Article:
Drop Lock Bond
The drop lock bond is a variable rate security that pays the holder coupons indexed to an underlying parameter. The bond incorporates a clause whereby, if the indexation parameter falls below a certain limit (called the "trigger rate"), the subsequent coupons will be calculated on the basis of a fixed rate, established in the issue regulation, which may be equal to or greater than the trigger rate.
In essence, this bond incorporates a guarantee that protects the holder from an excessive reduction in interest rates.
Drop lock bonds are issued with a floating interest rate. Such a rate may be indexed to the London Interbank Offered Rate (LIBOR), US Treasury Bills (T-Bills) or the Consumer Price Index (CPI), for example.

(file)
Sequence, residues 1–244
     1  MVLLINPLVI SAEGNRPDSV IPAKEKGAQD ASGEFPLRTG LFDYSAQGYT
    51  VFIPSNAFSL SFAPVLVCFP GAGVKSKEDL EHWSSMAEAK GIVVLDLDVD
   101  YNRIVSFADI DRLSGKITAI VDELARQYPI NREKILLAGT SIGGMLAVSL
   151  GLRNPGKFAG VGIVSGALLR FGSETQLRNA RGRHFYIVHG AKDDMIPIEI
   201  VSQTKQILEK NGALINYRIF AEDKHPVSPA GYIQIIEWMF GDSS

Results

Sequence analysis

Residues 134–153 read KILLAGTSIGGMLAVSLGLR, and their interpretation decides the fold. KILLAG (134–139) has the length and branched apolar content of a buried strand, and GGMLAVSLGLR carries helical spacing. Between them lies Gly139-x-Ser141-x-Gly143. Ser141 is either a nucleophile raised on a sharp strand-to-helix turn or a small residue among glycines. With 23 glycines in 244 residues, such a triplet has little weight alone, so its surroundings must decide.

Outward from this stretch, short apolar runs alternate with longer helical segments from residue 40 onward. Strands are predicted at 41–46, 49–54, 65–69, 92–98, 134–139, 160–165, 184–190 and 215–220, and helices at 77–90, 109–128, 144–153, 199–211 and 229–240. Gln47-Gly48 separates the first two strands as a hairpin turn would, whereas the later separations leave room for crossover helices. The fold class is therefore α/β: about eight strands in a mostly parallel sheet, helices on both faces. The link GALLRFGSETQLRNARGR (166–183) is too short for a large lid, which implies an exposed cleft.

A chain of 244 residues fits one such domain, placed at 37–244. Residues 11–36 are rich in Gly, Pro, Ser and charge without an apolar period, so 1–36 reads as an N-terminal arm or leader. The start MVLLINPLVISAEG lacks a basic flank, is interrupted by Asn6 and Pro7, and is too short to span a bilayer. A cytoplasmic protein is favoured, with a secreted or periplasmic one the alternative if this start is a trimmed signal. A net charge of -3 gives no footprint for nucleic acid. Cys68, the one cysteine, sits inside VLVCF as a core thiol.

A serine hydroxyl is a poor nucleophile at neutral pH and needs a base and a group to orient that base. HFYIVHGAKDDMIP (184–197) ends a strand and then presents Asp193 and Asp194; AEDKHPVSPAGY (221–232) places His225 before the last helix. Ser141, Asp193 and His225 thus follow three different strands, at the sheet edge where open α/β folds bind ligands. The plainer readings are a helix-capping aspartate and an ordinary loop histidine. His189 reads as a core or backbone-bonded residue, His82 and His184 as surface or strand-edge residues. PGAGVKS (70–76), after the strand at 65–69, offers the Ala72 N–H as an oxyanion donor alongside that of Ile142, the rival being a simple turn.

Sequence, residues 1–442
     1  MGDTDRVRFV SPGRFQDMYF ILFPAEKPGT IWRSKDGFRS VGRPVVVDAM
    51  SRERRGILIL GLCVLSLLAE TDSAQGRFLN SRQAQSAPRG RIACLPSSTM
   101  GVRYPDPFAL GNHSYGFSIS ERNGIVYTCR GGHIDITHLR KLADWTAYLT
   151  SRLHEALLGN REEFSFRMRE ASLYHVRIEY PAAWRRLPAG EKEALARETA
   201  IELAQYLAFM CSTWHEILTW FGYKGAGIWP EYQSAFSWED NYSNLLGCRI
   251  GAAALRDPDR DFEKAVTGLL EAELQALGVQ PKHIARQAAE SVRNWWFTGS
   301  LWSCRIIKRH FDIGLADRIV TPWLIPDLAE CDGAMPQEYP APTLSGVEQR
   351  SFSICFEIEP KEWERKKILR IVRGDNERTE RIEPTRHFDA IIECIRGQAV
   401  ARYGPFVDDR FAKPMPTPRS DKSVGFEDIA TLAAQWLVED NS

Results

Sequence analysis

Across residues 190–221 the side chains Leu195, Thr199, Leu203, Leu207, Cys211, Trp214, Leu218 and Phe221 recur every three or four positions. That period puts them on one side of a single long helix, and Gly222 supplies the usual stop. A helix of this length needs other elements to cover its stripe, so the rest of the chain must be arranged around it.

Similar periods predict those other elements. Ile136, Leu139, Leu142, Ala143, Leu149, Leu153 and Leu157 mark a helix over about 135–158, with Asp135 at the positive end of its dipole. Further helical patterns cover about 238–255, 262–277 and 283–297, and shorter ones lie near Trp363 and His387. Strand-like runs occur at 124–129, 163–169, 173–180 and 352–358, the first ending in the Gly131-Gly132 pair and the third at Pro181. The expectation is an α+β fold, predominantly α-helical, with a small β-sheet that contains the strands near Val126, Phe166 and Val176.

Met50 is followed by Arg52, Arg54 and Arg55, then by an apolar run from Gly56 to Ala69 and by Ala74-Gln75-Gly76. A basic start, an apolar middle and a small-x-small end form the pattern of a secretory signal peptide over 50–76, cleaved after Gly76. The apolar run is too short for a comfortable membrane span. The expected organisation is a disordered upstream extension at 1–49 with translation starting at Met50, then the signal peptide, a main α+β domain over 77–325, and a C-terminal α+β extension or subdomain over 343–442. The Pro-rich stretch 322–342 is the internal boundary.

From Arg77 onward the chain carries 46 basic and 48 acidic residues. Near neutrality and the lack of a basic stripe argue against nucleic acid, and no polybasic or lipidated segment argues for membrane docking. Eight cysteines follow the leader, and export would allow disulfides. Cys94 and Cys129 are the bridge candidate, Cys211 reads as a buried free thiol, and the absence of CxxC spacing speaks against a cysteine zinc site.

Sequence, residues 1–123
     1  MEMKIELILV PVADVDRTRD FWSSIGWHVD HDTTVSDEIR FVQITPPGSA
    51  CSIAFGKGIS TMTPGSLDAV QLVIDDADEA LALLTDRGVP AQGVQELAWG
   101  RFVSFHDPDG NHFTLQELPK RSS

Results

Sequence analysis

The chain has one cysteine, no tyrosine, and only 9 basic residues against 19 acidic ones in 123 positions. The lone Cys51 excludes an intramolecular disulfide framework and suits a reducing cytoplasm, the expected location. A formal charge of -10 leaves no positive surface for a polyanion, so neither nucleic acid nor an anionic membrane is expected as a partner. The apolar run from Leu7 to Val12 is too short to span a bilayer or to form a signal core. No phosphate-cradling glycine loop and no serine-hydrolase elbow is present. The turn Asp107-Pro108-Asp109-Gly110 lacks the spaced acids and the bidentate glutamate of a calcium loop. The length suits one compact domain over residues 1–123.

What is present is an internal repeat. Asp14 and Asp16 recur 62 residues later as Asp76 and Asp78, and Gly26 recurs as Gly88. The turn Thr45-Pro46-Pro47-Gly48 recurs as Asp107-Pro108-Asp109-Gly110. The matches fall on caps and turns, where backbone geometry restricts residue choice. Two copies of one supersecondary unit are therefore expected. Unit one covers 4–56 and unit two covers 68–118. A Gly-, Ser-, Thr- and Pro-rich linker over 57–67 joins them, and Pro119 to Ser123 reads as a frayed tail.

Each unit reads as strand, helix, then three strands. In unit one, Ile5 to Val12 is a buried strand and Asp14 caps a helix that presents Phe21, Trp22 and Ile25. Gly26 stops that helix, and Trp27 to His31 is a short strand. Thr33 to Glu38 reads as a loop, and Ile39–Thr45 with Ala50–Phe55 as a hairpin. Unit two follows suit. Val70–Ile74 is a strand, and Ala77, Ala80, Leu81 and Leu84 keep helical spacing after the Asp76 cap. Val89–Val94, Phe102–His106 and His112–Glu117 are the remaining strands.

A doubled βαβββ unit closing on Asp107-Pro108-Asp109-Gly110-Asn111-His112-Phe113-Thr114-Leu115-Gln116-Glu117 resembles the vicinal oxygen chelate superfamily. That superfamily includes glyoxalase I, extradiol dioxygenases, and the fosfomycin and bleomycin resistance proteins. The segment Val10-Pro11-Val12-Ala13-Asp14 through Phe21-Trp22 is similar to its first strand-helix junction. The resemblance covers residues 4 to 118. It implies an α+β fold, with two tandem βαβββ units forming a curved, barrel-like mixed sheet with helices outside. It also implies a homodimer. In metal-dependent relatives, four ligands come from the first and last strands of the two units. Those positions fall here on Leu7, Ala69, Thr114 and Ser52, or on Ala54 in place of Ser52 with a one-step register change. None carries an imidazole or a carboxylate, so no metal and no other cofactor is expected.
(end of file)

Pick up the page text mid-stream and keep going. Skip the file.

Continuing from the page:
Once the benchmark is established, this floating interest rate continues until the base rate falls below a specified trigger rate (the Trigger Rate), either on an interest fix date or on two consecutive dates interest fixation, at which time the interest rate becomes fixed at the specified minimum rate for the remaining term of the bond.
Once the benchmark has been chosen, issuers establish an additional spread that they are willing to pay in excess of the reference rate, generally expressed in basis points, which is added to the reference rate, in order to determine the overall coupon.
The main advantage of drop lock bonds for an investor is the possibility of coping with an excessive drop in interest rates: in fact, he will have the guarantee that, below a certain fixed benchmark, he will receive fixed interest rates .